Provided by:  Jennifer Kirschenbaum, Esq.

June 7, 2022


Hi Jennifer,

My contract has a liquidated damages provision.  Will my employer be able to enforce? 

Dr. M


So, I've asked my Partner, Caroline Wallitt, Esq. to take this one. 

By: Caroline Wallitt, Esq. - 

Parties to an agreement, particularly in the health care field, often breathe a sigh of relief after locking up its terms.  They’ve invested serious time and money in negotiating and drafting the contract, and expect that it will dictate the solution to any and all future issues. 

We do not, however, advise our clients to have this much faith in the liquidated damages clause of an employment agreement—as Jennifer stated in her May 17, 2022 newsletter.  When it comes to enforcing a liquidated damages provision, courts are inconsistent and unpredictable.    

To illustrate, one recent court decision that enforced a liquidated damages clause deviated from well-established case precedent in multiple ways.  In Mathew v. Slocum-Dickson Med. Group, PLLC, two cardiologists were bound by a non-compete covenant in their respective employment agreements.  160 A.D.3d 1500 (4th Dep’t 2018).  After years of working for the defendant practice, they terminated their agreements and began practicing within the contractually restricted geographic zone.  The breaches triggered their liquidated damages clauses, which required them to forfeit the greater of: (i) $50,000; or (ii) 50% of the prior year’s individual productivity or salary.  The cardiologists therefore commenced a lawsuit seeking a judicial declaration that their liquidated damages clauses were unenforceable penalties. 

The Mathew Court enforced the liquidated damages provisions, relying upon the following legal standard: (i) the actual damages that flowed from the breaches were not easily ascertainable when the parties executed their employment agreements; and (ii) the liquidated damages are a reasonable measure of the anticipated probable harm.  It was undisputed that the first prong was met.  The Court also concluded that the second prong was met by accounting for various unquantifiable damages to the defendant practice: the “loss of intra-organizational referrals, the loss of good will caused by the departure of critical members of its professional staff, investment made by defendant in the development of plaintiffs’ practices, and the cost associated with the recruitment of replacement physicians and the development of those new practices.”  The Court was not swayed by the defendant practice’s failure to submit any evidence of specific revenue loss. 

Mathew contradicts case precedent in myriad ways.  For example, the Mathew Court changed the legal standard’s second prong.  It set forth the second prong as “the liquidated damages are a reasonable measure of the anticipated probable harm,” though courts previously used this language:  “the liquidated damages are not plainly disproportionate to the probable loss resulting from the breach.”  Compare Mathews, 160 A.D.3d at 1502 with Ford v. Cardiovascular Specialists, P.C., 103 A.D.3d 1222, 1223 (4th Dep’t 2013); Fingerlakes Chiropractic, P.C. v. Maggio, 269 A.D.2d 790, 791 (4th Dep’t 2000); Novendstern v. Mount Kisco Med. Group, 177 A.D.2d 623, 625 (2d Dep’t 1991); Sentosa Care, LLC v. Anilao, 2010 N.Y. Slip Op. 31326 (Sup. Ct. Nassau County May 20, 2010); Gismondi, Paglia, Sherling, M.D., P.C. v. Franco, 104 F. Supp. 2d 223, 236 (S.D.N.Y. 2000).  The difference between the two is not insignificant—the more forgiving Mathew language does not require the party trying to enforce liquidated damages to submit proof of specific damages, while the prior language did.  It is no wonder that the result is different—Mathew enforced liquidated damages despite the lack of this proof, while the courts in the other cases struck them.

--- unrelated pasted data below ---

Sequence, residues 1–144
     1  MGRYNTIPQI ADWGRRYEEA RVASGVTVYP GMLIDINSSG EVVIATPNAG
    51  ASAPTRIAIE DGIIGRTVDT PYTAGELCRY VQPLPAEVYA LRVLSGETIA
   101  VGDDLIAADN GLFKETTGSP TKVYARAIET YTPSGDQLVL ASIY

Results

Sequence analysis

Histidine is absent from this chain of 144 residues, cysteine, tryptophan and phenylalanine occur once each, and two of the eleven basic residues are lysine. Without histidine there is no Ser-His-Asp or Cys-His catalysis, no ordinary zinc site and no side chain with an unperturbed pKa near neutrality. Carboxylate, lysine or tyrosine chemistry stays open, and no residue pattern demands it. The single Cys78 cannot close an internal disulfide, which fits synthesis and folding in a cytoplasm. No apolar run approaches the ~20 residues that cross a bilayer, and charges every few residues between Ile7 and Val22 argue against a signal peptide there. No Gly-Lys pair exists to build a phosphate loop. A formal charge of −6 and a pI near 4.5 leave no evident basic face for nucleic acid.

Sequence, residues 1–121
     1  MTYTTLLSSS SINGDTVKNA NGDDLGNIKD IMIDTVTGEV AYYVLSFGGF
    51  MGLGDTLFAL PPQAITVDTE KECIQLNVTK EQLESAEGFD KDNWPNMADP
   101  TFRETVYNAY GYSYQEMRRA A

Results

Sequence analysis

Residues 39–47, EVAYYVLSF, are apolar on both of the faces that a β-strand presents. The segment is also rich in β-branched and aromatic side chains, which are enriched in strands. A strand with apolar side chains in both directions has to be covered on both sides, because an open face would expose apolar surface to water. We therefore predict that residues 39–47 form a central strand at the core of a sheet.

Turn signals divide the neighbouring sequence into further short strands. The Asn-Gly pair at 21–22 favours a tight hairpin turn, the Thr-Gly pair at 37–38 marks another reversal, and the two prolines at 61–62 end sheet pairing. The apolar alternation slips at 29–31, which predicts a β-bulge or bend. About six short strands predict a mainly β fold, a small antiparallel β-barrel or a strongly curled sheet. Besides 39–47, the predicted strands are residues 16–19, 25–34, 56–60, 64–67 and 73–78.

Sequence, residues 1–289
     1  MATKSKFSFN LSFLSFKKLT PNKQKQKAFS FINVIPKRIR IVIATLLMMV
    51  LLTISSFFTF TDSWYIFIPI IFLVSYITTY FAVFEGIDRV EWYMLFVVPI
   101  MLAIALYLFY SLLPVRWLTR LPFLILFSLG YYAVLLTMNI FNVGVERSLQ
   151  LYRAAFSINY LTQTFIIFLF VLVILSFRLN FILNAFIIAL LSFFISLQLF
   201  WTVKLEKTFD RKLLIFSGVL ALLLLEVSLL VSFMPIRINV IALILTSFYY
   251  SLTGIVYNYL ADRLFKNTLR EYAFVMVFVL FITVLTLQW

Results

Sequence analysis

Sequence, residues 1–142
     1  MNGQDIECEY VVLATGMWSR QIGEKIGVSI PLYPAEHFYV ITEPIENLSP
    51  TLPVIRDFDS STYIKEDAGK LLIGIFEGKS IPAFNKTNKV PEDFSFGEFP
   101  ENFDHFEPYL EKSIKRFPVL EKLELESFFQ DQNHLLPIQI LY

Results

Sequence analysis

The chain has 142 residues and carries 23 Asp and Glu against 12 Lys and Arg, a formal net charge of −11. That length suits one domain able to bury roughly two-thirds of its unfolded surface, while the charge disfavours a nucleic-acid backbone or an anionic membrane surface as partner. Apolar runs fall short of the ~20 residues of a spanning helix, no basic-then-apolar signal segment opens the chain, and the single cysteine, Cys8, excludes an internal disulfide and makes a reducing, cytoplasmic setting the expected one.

The Mathew Court also omitted policy concerns from its legal standard deviating from such prior cases as Sentosa Care, LLC.  2010 N.Y. Slip Op. 31326.  In Sentosa Care, LLC, the Supreme Court strongly considered, in addition to the classic legal standard: (i) the unequal bargaining power between the parties (nurses vs. nursing facilities); and (ii) the fact that the employment agreements were offered on a take-it-or-leave-it basis.  Ignoring Mathew, another court later returned to Sentosa Care, LLC by incorporating those two policy factors into its analysis in Paguirigan v. Prompt Nursing Empl. Agency LLC, 17-cv-1302 (E.D.N.Y. Sept. 23, 2019), another case involving nurses and nursing facilities.  Again, the result depends on whether courts considered the policy factors–Mathew omitted policy discussion and enforced the liquidated damages clause, while the other cases struck liquidated damages, in part due to the policy factors. 

The true legal standard for evaluating liquidated damages is therefore unclear because it changes from decision to decision.  Courts have clearly taken the liberty to tweak the legal standard to achieve the “fair” result.  For this reason, we caution employers to take this clause with a grain of salt, and encourage employees to push back on onerous liquidated damages.